Phishing is still one of the most relentless and quickly evolving online threats facing today's businesses.
At RiskIQ, we process tons of web-related threat data, including phishing incidents. From various sources, we receive URLs which may be indicative of phishing, examine the pages with our web-crawling infrastructure, which experiences them as a real user would, and feed the data it collects through our machine-learning technology to classify each detected phishing page appropriately.
Phishing pages' infrastructure usually takes two forms: self-maintained custom infrastructure and abused or compromised infrastructure belonging to someone else. Below is an instance of a phishing page for email involving the latter. It's somewhat generic, but an excellent example of something commonly leveled against businesses:
Fig-1 Phishing page
Looking through some sources online, I dug up some additional instances of this phishing kit:
As you can see, there seems to be a theme in the names of these phish examples, with each URL containing 'sendmail.' Also, each phish appears very similar in their design.
At RiskIQ, when we explore these pages, we first check if the host is compromised (the majority are) and if so, find where the compromise happened. There are some obvious ones, of course, such as when there's a '/wp-admin/' path in the URL, which indicates it's likely a WordPress instance. In the phish above, when removing the trailing filename 'index2.htm,' from its URL, some of the hosts reveal the structure of the phishing kit:
Fig-2 Phishing kit structure
There are three files—index2.htm, sub.php, and rop.php—for which we can find a reference to 'rop.php' in the crawl linked at the beginning of this report. The source of the phishing page shows that it sends its stolen credentials to this script via a POST request:
Fig-3 Script to which stolen credentials are sent as captured by RiskIQ Crawlers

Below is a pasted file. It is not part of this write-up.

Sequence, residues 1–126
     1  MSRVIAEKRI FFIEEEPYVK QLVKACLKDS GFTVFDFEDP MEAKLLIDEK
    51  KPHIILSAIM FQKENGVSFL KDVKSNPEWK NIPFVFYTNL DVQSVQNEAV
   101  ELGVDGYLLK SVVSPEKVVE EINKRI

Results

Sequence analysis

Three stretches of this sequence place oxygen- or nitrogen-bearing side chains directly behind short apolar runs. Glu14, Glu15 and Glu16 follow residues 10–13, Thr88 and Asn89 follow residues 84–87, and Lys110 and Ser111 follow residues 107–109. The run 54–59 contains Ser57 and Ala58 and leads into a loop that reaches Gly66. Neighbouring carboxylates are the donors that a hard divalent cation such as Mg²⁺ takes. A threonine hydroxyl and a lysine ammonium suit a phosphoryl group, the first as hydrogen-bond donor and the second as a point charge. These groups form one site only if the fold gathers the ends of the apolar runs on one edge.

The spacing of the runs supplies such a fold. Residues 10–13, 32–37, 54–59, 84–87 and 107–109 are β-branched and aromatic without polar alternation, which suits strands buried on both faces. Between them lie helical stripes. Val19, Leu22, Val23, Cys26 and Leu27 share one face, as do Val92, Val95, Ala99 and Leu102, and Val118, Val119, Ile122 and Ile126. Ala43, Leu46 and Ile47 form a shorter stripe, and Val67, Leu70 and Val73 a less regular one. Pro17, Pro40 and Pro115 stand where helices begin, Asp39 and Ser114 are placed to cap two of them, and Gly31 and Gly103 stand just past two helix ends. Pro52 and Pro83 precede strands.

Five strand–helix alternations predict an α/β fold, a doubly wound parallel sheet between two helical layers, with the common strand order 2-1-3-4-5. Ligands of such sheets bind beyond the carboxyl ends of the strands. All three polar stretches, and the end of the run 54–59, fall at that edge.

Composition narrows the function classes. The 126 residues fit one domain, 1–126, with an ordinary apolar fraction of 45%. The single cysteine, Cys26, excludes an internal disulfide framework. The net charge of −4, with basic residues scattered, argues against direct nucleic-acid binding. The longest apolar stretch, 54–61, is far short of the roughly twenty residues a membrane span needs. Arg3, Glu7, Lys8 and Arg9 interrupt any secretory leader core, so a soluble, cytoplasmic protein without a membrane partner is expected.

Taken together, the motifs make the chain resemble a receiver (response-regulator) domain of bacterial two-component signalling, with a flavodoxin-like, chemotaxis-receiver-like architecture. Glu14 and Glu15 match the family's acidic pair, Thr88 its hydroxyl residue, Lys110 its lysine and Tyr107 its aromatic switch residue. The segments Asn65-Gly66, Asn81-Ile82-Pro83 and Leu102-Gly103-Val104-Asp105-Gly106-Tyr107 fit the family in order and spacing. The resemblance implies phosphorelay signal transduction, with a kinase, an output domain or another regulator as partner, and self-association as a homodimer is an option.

This leaves us with sub.php from which we have no idea of its functionality. Digging through more instances of this phishing kit, we found another directory index, only this time the live instance of the phishing kit was gone—however, the actor left his install!
Fig-4 Phishing kit install
We can pull down the disruptive.zip file and take a look; it contains all three files we found in the directory listing above. Let's take a look at rop.php's source code:
Fig-5 Source code
We can see the general method of credential exfiltration, used in the majority of phishing kits, send out an email with the credentials. We find the criminal's exfiltration email address, firstname.lastname@example.org. We can also see the usage of sub.php where a user is redirected after the credentials are emailed out and which contains the following:
This script redirects victims to a specific page on the Microsoft Windows website. Digging through more of instances of this phishing kit we found another case where a zip file was left:
Fig-7 Phish kit structure containing a zip file
In this one, we also saw an email address in rop.php which had some interesting ties to our data. The email address we uncovered was email@example.com, which you can find in PassiveTotal's WHOIS search linked to one single domain:
The website itself has had quite a few IP resolutions but currently isn't functional. What is interesting is that the domain name closely matches a Florida based law firm named ‘McClean Law Group’ and their domain, mccleanlawgroup.com. We haven't found anything linking these two websites other than their name, nor do we have any insight into what the website looked like if it was ever a working site at all—something to keep an eye on.
Knowing your Risk
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